Woodside LNG provides project details to Prince Rupert council

Prince Rupert city council were given some insight into one of the two liquified natural gas terminal being proposed on Grassy Point.

Prince Rupert city council were given some insight into one of the two liquified natural gas (LNG) terminal being proposed on Grassy Point, as Australia’s largest operator of oil and gas prepares to hand in its project description to the B.C. Environmental Assessment Office (EAO) early next month.

Woodside Petroleum’s manager of indigenous affairs John Litchfield gave a presentation to city council on June 23, informing councillors of facility concepts, potential benefits and consultation plans.

In January, Woodside signed an agreement with the provincial government to investigate the feasibility of building a LNG terminal within 693.6 hectares of land and 243.9 hectares of foreshore on the southern part of Grassy Point, across from Lax Kw’alaams.

Woodside is considering two concepts for the potential facility, an onshore and a nearshore floating terminal. Litchfield said the onshore facility would be constructed in modules, then brought to the site by barge where a workforce would complete it, with the floating facility being brought over in one piece and tethered to the shore.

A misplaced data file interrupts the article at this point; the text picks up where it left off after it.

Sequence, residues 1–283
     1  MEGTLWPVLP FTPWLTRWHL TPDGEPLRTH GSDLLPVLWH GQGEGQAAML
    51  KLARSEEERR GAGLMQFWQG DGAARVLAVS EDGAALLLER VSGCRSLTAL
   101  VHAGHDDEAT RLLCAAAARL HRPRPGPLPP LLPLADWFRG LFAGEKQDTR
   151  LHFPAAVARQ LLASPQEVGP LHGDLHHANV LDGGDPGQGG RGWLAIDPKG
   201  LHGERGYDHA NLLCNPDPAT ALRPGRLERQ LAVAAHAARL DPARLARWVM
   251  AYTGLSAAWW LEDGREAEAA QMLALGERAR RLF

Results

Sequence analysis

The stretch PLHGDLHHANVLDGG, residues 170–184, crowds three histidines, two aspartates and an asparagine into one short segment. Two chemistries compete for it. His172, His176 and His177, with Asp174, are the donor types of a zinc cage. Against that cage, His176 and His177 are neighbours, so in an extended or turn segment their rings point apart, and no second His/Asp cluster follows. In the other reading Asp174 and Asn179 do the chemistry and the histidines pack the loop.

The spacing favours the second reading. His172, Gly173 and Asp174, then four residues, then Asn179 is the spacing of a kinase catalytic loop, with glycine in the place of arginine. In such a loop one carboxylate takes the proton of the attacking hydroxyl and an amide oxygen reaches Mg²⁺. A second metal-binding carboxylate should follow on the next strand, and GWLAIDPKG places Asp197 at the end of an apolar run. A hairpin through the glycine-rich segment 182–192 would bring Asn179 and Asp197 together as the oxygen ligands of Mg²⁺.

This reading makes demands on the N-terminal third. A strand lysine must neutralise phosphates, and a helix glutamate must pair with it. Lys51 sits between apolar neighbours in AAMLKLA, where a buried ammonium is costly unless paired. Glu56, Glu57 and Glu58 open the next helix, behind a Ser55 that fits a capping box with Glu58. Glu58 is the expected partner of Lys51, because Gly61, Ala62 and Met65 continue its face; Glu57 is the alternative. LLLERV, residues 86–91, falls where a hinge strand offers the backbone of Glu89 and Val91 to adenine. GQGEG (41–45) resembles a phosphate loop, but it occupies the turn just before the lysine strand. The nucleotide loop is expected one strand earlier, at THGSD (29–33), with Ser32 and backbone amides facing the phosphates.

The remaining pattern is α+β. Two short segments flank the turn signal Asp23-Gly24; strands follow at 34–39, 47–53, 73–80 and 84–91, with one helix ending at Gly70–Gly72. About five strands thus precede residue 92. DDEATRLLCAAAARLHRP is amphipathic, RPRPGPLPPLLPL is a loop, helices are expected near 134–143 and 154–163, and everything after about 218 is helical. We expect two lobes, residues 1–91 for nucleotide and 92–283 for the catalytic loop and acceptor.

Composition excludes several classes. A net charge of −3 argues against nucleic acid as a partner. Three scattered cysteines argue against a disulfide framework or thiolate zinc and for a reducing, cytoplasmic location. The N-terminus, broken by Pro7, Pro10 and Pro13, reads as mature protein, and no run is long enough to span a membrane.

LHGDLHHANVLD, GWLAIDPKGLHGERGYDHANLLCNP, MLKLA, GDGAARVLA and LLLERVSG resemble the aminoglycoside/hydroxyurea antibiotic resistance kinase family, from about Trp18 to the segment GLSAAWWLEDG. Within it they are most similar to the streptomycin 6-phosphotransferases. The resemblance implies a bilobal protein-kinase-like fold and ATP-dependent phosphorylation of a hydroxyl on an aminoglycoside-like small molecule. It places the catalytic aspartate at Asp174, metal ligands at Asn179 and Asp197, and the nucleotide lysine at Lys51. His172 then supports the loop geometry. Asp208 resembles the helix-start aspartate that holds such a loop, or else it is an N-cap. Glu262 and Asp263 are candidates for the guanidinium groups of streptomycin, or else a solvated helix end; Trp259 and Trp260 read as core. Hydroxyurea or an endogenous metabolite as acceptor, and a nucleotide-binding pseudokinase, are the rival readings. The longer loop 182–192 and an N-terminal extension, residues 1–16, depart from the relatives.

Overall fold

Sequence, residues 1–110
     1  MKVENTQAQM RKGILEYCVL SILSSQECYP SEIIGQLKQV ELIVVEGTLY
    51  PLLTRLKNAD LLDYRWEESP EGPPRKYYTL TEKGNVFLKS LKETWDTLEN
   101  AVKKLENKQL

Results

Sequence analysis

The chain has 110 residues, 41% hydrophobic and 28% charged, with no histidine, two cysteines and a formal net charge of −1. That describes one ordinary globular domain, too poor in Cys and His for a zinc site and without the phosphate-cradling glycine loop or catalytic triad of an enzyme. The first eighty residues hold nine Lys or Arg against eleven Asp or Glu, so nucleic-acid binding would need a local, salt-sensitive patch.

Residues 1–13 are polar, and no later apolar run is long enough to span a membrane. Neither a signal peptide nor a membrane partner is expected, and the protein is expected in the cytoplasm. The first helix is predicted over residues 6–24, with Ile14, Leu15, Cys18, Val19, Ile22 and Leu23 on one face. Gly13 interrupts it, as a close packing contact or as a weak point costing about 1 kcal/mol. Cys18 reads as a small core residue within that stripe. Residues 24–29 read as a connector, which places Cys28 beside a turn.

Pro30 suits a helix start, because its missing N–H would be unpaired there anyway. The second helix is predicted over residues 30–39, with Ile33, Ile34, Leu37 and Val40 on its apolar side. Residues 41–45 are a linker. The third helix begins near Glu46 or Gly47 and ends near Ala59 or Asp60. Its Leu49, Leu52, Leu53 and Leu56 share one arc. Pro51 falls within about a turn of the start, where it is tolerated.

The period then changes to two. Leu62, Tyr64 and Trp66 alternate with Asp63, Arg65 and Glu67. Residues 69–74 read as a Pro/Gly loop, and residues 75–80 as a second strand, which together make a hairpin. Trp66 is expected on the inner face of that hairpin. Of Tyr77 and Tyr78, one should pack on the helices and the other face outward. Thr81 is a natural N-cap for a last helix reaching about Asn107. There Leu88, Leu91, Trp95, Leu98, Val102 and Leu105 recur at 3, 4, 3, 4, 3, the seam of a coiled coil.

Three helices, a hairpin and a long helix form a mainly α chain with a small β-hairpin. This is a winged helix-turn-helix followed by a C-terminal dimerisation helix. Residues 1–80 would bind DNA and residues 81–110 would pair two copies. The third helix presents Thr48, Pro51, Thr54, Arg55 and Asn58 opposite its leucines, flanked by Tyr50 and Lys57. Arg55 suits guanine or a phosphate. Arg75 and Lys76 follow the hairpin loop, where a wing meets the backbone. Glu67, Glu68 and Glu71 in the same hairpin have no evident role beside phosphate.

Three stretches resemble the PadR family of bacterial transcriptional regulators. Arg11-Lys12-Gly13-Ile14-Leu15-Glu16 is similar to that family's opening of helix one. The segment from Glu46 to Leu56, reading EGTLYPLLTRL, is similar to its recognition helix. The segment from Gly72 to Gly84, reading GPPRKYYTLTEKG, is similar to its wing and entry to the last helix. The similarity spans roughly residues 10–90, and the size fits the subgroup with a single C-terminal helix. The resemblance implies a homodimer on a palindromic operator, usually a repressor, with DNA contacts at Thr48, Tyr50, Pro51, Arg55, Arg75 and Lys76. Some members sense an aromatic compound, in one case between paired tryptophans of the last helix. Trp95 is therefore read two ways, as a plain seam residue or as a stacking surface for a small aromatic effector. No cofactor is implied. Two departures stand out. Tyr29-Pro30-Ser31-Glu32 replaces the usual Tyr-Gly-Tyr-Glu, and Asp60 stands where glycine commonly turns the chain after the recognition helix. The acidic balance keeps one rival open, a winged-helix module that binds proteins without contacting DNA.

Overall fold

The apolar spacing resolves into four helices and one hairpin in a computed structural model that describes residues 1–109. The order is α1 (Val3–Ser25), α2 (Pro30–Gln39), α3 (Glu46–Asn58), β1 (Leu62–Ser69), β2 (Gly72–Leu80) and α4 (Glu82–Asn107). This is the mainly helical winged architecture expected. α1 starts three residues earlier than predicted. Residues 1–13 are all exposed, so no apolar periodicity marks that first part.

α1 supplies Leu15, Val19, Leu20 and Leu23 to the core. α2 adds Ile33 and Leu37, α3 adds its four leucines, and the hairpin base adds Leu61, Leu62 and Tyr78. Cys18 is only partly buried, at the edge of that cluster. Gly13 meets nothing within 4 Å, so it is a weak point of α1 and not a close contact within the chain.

“The footprint on the land is significantly different, and the way in which they would be built are significantly different,” he said.

According to Litchfield, there would be 1,000 workers during peak construction of the nearshore concept, and 6,000 for the onshore option.

Litchfield said 300 people would make up the operating workforce for the more than 25 years of anticipated operation.

“Our experience in Australia is that maximizing employment opportunities and contracting opportunities with the local business and people, especially [Aboriginal] people, is critical to success,” said Litchfield.

If the project proceeds to operations, product would be shipped to the terminal and converted into LNG to be exported to “Asia and beyond”. Litchfield said Woodside is planning to have four trains producing between 3 and 6.5 million tonnes of liquified natural gas per year, but the project would be built in phases.

“We anticipate there needs to be a lot of consultation. It’s something we’re experienced in and welcome. We understand for Woodside to have a world class operation and profitable business, our social license is one of the most important things,” said Litchfield.

Currently, the company is working on the project description for the B.C. EAO, expected to be complete by early July.

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